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No survivors after Wisconsin-bound plane crashes near Rossville

Indiana State Police say a small plane crashed in southern Carroll County on Thursday night.

Posted: Feb. 22, 2018 10:27 PM
Updated: Feb. 23, 2018 2:04 PM

CARROLL COUNTY, Ind. (WLFI) — Indiana State Police say there are no survivors after a small, Wisconsin-bound plane crashed in central Indiana. 

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According to Carroll County Sheriff Tobe Leazenby, around 8 p.m. Thursday a Cessna plane crashed about three miles north of Rossville. The scene is located near the intersection of county roads 600 South and 500 West.

 State Police Seargent Tony Slocum tells us neighbors weren't sure what they were hearing when the plane crashed.

"We do have some believe they heard something like a race car sound which we believe is related," said Slocum. "There were other witnesses, but we're still trying to verify their statements at this time."

The Cessna 441 Conquest Turboprop had taken off from the Eagle Creek Airpark in Indianapolis and was headed to Green Bay, Wisconsin, according to state police.

Green Bay CBS affiliate WFRV reported a prominent Wisconsin dairy farmer among the dead.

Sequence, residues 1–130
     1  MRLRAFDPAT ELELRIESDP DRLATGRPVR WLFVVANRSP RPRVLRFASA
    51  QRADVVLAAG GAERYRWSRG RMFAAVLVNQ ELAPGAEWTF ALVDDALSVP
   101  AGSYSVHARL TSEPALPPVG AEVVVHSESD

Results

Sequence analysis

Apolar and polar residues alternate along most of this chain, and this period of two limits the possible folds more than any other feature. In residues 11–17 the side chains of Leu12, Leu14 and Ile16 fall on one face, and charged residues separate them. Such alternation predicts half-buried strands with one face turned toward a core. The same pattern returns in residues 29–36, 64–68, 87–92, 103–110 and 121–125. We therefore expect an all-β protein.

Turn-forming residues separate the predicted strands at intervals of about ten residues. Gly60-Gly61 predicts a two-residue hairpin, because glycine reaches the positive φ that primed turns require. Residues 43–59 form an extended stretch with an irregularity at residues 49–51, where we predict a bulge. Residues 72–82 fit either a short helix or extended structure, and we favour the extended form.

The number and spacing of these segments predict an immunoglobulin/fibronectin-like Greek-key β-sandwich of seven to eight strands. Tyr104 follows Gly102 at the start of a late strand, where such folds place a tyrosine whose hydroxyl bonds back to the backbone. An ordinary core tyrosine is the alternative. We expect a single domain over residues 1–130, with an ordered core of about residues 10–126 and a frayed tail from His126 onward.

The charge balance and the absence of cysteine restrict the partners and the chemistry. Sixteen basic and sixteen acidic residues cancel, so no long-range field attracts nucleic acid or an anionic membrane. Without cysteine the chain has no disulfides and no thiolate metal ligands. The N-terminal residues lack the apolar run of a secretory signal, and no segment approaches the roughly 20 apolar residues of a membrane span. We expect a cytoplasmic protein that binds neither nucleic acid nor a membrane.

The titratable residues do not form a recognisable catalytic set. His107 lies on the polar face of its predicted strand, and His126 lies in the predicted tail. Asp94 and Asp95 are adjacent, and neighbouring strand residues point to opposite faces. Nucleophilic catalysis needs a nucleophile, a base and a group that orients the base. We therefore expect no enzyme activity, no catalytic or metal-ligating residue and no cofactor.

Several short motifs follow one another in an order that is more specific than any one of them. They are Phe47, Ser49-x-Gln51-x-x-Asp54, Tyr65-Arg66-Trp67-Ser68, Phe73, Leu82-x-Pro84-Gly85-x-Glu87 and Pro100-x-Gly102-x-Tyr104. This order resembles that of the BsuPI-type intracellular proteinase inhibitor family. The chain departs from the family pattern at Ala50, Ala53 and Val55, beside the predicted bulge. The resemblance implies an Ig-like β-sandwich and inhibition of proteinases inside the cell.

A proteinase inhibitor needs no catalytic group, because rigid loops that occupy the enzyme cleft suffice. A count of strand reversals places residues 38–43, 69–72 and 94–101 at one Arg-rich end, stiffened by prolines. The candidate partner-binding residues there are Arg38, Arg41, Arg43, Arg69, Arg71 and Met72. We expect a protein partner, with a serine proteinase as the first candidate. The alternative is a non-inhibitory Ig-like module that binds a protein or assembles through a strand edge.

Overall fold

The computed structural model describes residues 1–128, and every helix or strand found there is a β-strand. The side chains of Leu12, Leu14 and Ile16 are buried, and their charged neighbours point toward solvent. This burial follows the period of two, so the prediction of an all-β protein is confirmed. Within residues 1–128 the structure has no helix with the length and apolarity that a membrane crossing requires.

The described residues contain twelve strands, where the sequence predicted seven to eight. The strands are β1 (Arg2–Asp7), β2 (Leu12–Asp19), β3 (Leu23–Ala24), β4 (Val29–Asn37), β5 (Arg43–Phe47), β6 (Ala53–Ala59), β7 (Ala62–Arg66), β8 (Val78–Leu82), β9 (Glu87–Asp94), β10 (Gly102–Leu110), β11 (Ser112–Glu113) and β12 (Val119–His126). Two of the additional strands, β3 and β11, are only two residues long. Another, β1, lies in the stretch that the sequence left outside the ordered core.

"Kewaunee County and much of Northeast Wisconsin is in shock after learning local businessman John Pagel passed away in a plane crash overnight in Indiana.

The Pagel Family has released the following statement:

"Many of you heard our family and extended family is grieving the loss of owner, father, person and friend, John T. Pagel, as well as John’s son-in-law, Steven Witcpalek, and pilot Nathan Saari. We appreciate the outpouring of the communities thoughts and prayers and request your respect for the privacy of the family as we wait for additional information. As we know more details we will keep you informed."

The crash is in a rural area and communications were being hampered by the remoteness. Investigators used a drone from the Wayne Township Fire Department to help survey the crash debris. The recent heavy rains made the crash site extremely muddy and hard for investigators to navigate.

"Getting out to that crash scene is a very difficult task at this time," said Slocum. "Then you add on the fact that it is dark. So, you try to do the best you can, but we're working as a time, we're working the best we can through this particular problem."

State police said they expect the Federal Aviation Administration and the National Transportation Safety Board to show up late Friday morning.

According to ISP, the FAA put a three-mile radius no-fly zone on the area of the plane crash. This restriction includes drones and small planes from flying over the scene less than 5,000 feet. This is effective until Saturday, Feb. 24. at 3:20 a.m.

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